College Students Working: The Choice Nexus
A Review of Research Literature on College Students and Work by Tina Tuttle, with Jeff McKinney & Melanie Rago
I PA S T O P I C B R I E F S
College enrollments have continued on an upward climb for decades, as more and more people recognize the value of a college education, especially the tangible value of the diploma in the marketplace. The past few decades have witnessed growing diversity in higher education, but with that diversity we also see dramatic changes in how students are funding their college educations. Adult degree seekers, firstgeneration students, students of color, and students from low-income backgrounds have become a mainstay in the growing mix in college today. This new mix challenges the persistent image of the of the “traditional,” direct-from-high school, white, middle-class college student on a residential campus, who may work part time, is dependent on parents, and graduates within four years. In fact this picture represents less than 27% of college students today (Choy 2002). Today’s college students face a complex set of dilemmas about whether to attend college, where to attend, how to pay, how much to work, how many jobs to take, how to pay credit card bills and car payments, how to juggle family and children, and how to balance these competing priorities while in school. The amount of time students spend working has been of increasing concern for the educators that serve them and, in some instances, the students themselves. Recent data would indicate that 80% of American undergraduates worked while attending college in 1999-2000 (King, 2003).This represents an 8% increase over the class less than a decade previously, among whom 72% worked (Cuccaro-Alamin & Choy, 1998). Further, there appears to be a strong body of literature that points to the positive effects of not working versus working while attending college (King, 2002; Pascarella & Terenzini, 1991). Many studies focus on working students, but ask very different questions and measure different outcomes. Researchers have looked at how work affects campus engagement, persistence and graduation, cognitive and social development, development of leadership and social skills, GPA, faculty interaction, and peer interaction. Other studies have looked 1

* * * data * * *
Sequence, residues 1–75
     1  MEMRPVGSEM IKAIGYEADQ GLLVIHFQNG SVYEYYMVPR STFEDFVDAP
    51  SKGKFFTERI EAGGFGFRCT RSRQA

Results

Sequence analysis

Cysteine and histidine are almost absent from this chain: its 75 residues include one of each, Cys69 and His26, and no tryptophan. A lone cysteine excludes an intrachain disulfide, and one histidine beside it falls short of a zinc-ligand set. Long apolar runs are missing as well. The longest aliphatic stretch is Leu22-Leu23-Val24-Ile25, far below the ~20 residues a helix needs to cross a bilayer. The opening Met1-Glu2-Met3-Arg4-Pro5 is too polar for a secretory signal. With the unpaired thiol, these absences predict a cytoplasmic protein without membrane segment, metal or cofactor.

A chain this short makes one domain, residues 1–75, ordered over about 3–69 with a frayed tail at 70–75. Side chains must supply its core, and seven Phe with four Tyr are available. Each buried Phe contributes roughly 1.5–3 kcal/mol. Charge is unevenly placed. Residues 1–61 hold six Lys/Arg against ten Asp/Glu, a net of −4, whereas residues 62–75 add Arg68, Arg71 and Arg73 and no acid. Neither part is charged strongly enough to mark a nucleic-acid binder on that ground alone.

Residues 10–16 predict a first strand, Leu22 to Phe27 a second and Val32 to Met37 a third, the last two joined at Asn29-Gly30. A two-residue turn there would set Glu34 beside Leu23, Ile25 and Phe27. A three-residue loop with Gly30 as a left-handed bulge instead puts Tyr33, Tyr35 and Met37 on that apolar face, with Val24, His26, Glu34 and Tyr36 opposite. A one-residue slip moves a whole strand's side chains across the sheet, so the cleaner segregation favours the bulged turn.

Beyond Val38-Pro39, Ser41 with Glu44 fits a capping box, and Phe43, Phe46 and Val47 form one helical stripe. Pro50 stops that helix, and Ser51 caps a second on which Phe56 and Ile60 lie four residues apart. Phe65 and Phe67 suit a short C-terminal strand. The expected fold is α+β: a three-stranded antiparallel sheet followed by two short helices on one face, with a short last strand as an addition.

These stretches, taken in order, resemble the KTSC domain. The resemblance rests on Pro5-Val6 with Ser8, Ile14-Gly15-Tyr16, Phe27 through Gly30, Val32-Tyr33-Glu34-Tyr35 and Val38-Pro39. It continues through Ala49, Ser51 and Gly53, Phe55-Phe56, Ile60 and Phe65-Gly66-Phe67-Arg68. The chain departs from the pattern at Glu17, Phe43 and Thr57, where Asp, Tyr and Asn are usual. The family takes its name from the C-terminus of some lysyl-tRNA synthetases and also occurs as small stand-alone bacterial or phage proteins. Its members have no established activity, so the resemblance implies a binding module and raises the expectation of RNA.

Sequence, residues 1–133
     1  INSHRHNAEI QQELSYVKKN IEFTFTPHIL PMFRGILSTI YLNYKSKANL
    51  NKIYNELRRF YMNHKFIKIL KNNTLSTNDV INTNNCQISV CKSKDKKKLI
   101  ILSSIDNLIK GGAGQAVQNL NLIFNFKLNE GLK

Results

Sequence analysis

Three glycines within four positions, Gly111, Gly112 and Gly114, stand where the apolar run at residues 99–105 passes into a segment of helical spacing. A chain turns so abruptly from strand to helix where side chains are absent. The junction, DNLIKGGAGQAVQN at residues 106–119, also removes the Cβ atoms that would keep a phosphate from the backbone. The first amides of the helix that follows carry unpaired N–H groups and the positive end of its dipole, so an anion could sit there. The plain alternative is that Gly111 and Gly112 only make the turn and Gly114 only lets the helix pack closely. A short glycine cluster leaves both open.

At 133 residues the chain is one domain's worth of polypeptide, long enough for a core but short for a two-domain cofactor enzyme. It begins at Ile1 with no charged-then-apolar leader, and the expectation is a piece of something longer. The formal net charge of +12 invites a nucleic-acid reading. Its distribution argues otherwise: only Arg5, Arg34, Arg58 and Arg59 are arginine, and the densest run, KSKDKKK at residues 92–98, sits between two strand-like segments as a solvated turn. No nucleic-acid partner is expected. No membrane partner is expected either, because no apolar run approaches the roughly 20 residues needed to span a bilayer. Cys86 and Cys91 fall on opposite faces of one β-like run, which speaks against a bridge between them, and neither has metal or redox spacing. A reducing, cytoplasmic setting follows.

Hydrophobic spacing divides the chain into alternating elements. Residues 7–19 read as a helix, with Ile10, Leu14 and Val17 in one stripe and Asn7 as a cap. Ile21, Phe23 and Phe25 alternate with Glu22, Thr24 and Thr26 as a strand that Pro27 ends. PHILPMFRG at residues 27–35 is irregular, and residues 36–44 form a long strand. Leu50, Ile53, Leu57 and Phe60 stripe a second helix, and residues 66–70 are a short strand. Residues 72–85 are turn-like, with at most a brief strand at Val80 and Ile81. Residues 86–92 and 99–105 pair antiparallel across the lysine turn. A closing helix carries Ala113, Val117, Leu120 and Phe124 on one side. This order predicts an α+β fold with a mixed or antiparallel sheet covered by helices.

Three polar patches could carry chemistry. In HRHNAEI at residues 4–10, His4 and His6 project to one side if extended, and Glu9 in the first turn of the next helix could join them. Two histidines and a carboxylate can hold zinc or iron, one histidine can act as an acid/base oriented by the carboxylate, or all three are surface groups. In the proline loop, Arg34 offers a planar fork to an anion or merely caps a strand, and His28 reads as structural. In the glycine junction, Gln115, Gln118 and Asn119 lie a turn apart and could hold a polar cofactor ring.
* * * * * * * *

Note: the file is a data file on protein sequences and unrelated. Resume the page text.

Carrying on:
! ! # $ && % '
at financial aid and the relationship with working. Given that many, if not most, students need to work to afford college, it is important for higher education researchers, policy analysts, practitioners, faculty, and administrators to better understand their needs and challenges in trying to balance work, financing, and college. This brief on working students reviews the literature on issues relating to working students and the challenges for campuses—challenges for student persistence and degree completion. This review is broken into the most common categories with research relating to each category reviewed. After a summary of the literature, we present questions for campus administration and for researchers and information on the federal work-study program.
(!) ) !* ( + , --, , .0! / . - ,, $ 1 2
Working—An American Tradition
Historically, working through college has been part of the college experience for much of American history. According to a 1937 study at Columbia University, 65% of baccalaureate and graduate college students in the 1920s-30s held jobs ranging from selling Fuller brushes, magazine subscriptions, shoveling coal, childcare and more (Smith, 1937). Data on college students became more widespread in the 1960s, and reveal the continual increase in percentage of students working since the 1960s (See Figure 1. Percentage of College Students Working 19612000
100% 80% 60% 40% 20% 0%
1 961 1 979 (Stern & Nakata 1 ) 991 1 986 1 992 (Cucarro Alamin & 1 995 2000 (NCES; Choy 1 998)
30 " 3 3 + , 4 1 56 7 5 #
67% 40% 49%
Figure 1). This trend has changed little and...
Please join StudyMode to read the full document